1994, November / December
scan, paper, colour; original source: photocollage
Barmé 1996: Barmé, Geremie R. Shades of Mao: The Posthumous Cult of the Great Leader, New York: M. E. Sharpe, 1996:99, fig. 30 c.
Mao Zedong, Mao portrait, repitition, Mao memories, Maoist past, clouds, children, red bandanas, masses
Image from 'Remember Mao Zedong and Be Grateful to Deng Xiaoping'
The changing but everpresent value of the Maoist past in China’s present is not just reflected in Political Pop (Li 1993), the first form of contemporary Chinese art which, often misunderstood (as plainly obvious in Yu Youhan’s case) as “dissident art,” was hugely successful outside of China (cf. DalLago 1999, Wu 2005:203-204 and forthcoming work by Tang Xiaobing). Repetitions of Mao sell, on a more popular level, not only in the West, but in China, too: this 1994 calendar, for example, presents multiple visions of multiple Maos.
One page shows Mao, sitting to the right, in a position very similar to that in Luo Gongliu’s depiction of Mao at Jinggangshan (ill. 5.30), facing a photocollage billboard featuring images of himself in different stages of his life, hanging from a sky with majestic (and, as we have seen, since Liu Chunhua’s Chairman Mao goes to Anyuan, significant) clouds. Mao sitting on the bench is looking at this billboard of his pasts intently, while another Mao is walking towards him, serenely and leisurely.
The message of this image is further complicated by the fact that it is accompanied by a commentary in which the concluding verses from a 1954 poem (北戴河—written at the seaside resort Beidaihe) in which Mao reflects on thousands of years of Chinese history, is cited: “Today the autumn wind still sighs. But the world has changed!” 萧瑟秋风今又是， 换了人间. The commentary refers further to two of the more famous photographs of Mao contained in the collage, one with children sporting red bandanas, the other of Mao in a crowd of smiling visitors from the Third World. It reads: “A youth tied a red bandana around his neck; people of different races smiled in his presence. He, however, deeply questioned all of this: ‘How many of them are true believers?’ He was no different from anyone else; he didn’t enjoy seeing the masses all wearing the same expression.” (Barmé 1996:99)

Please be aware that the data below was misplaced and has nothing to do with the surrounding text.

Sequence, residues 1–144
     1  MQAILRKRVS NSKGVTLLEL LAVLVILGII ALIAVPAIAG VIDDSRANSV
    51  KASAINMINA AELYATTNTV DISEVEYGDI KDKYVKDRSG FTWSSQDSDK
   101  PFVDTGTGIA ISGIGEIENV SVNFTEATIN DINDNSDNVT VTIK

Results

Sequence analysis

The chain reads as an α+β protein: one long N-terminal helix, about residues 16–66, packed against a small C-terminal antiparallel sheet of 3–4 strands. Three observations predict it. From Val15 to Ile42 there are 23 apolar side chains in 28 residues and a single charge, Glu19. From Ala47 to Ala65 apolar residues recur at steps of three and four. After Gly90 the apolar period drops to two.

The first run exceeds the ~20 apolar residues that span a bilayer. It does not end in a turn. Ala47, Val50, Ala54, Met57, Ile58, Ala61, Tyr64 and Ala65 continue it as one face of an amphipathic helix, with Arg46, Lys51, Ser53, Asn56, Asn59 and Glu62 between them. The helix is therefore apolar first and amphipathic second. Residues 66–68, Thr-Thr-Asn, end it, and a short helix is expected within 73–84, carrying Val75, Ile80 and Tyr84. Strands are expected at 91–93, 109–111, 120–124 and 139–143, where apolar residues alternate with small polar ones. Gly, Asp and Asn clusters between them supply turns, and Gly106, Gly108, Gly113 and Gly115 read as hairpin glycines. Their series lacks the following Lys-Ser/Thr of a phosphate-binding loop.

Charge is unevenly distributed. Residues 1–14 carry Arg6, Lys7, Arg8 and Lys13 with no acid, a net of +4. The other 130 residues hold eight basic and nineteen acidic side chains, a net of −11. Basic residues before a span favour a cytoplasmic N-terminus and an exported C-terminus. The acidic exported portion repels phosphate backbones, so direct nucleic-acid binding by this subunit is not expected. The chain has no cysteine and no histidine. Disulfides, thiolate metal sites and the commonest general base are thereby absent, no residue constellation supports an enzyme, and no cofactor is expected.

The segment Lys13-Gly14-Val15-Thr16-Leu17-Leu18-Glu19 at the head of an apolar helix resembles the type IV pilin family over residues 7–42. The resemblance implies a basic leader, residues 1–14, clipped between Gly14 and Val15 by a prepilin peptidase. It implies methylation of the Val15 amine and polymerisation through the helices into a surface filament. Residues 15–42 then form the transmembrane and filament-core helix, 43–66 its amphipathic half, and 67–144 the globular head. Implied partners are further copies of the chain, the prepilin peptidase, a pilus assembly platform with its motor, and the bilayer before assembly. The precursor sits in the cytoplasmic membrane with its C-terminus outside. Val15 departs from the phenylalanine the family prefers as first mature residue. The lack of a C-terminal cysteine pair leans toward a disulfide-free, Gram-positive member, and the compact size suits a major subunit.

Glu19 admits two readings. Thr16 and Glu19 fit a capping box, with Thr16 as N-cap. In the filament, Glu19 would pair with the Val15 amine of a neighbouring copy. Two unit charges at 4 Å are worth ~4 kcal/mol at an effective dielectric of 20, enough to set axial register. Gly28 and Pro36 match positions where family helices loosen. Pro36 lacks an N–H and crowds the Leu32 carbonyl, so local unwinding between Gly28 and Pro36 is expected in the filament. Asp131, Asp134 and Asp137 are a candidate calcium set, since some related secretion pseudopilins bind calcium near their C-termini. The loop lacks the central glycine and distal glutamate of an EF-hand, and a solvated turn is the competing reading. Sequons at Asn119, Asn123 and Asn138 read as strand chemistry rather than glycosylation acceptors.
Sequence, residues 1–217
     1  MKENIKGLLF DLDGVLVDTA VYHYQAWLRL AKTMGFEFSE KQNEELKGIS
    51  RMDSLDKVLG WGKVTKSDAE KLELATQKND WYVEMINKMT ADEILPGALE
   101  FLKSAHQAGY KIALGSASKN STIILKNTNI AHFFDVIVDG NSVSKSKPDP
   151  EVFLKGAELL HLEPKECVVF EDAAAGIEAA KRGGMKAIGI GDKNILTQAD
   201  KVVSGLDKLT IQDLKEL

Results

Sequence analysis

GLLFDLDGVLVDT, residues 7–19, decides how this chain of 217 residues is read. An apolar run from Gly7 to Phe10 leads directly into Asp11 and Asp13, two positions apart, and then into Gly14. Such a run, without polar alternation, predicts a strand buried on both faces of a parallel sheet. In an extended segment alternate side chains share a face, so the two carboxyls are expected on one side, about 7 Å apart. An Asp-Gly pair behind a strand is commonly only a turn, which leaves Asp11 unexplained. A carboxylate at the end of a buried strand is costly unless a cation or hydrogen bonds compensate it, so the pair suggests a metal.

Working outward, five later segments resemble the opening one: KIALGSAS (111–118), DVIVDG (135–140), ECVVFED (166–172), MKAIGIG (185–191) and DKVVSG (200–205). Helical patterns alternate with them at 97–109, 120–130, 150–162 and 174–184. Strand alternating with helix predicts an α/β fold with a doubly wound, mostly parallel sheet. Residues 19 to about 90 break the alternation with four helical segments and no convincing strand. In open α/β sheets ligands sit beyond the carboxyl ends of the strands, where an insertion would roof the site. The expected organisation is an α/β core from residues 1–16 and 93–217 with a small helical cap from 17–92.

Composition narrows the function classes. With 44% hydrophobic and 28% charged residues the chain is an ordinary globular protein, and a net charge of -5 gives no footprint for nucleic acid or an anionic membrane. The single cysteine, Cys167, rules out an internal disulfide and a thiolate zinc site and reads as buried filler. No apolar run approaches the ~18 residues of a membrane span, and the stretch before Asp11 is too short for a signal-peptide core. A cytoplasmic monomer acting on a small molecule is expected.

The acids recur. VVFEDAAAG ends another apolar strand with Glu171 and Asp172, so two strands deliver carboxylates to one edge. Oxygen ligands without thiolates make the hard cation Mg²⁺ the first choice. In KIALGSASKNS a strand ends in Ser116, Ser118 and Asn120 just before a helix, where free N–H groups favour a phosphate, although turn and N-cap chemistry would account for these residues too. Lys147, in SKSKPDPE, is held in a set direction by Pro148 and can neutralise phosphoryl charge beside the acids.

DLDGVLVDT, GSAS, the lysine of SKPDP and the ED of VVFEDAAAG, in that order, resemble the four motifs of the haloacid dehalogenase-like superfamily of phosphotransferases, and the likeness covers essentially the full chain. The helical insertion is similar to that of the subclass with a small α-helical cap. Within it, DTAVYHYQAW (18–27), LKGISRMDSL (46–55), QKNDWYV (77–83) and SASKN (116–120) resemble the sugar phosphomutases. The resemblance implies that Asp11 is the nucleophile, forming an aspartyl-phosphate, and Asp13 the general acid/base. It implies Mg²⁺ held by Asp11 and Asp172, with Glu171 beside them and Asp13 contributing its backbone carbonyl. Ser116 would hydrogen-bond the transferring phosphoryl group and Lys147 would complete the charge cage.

The message to be constructed from this picture is polyphonic, to say the least. Did Mao—who is seen sitting there, reflecting on his past (as he did on Jinggangshan, most catchingly depicted by Luo Gongliu, ill. 5.30a)—really doubt the faith of his followers when he saw them through precisely the images that had once constituted pervasive everpresent propaganda? Is he aware that only he could make them “wear the same expression” all the time? And if the world had changed so much, why was he, Mao, still there, on the pages of a calendar produced in the mid 1990s and sold at a good price? Is Mao just as long-lived as the autumn wind, then? Images like this must perhaps remain enigmatic in the final analysis, but they are, once more, reflections on and different answers to Mao’s omnipresence in China’s past as well as in her present.